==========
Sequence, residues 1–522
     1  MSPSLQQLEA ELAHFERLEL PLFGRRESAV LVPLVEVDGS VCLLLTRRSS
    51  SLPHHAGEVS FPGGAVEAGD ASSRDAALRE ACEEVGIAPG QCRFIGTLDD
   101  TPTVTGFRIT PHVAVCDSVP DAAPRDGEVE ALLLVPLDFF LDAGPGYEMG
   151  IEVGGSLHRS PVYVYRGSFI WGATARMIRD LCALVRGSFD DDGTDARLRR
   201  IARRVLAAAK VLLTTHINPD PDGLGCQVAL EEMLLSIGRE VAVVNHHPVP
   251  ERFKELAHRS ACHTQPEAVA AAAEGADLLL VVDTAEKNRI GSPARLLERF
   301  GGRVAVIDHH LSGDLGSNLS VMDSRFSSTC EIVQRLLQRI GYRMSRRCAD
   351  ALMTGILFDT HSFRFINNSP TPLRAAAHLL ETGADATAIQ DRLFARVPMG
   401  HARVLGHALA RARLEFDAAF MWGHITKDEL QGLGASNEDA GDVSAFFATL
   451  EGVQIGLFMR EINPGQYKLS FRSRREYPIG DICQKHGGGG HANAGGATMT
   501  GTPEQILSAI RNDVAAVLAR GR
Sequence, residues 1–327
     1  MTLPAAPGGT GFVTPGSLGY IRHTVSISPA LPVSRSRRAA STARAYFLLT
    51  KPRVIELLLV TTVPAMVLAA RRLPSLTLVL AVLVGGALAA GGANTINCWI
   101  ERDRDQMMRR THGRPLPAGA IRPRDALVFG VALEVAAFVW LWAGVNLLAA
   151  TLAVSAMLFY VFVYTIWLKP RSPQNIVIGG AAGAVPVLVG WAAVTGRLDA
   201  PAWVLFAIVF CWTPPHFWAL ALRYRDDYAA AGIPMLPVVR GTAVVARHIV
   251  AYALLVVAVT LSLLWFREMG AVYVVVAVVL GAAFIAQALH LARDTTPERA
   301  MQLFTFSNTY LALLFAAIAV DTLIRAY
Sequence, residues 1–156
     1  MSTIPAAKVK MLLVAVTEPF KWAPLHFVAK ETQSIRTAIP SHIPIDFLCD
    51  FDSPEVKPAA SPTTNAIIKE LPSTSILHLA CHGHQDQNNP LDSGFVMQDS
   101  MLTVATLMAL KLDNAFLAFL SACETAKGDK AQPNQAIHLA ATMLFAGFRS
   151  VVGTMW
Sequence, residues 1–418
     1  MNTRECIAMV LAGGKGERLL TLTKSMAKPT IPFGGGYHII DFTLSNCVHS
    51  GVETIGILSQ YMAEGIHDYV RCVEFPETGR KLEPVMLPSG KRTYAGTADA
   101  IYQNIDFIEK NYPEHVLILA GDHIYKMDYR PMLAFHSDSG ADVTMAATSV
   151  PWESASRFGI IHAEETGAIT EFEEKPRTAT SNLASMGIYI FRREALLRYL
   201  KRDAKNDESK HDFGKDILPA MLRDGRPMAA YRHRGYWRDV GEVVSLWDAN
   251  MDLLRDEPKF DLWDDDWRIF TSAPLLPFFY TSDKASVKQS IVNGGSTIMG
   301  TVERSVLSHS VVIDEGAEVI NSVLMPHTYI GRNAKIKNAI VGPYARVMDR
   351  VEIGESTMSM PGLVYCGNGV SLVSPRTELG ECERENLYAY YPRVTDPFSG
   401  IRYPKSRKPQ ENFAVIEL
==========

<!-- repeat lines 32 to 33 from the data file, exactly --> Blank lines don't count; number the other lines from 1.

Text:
   251  MDLLRDEPKF DLWDDDWRIF TSAPLLPFFY TSDKASVKQS IVNGGSTIMG
   301  TVERSVLSHS VVIDEGAEVI NSVLMPHTYI GRNAKIKNAI VGPYARVMDR